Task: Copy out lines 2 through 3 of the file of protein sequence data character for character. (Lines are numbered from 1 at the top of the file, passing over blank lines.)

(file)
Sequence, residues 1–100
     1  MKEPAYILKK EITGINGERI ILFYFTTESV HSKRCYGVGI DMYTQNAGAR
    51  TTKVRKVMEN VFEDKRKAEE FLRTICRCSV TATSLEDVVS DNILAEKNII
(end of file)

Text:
     1  MKEPAYILKK EITGINGERI ILFYFTTESV HSKRCYGVGI DMYTQNAGAR
    51  TTKVRKVMEN VFEDKRKAEE FLRTICRCSV TATSLEDVVS DNILAEKNII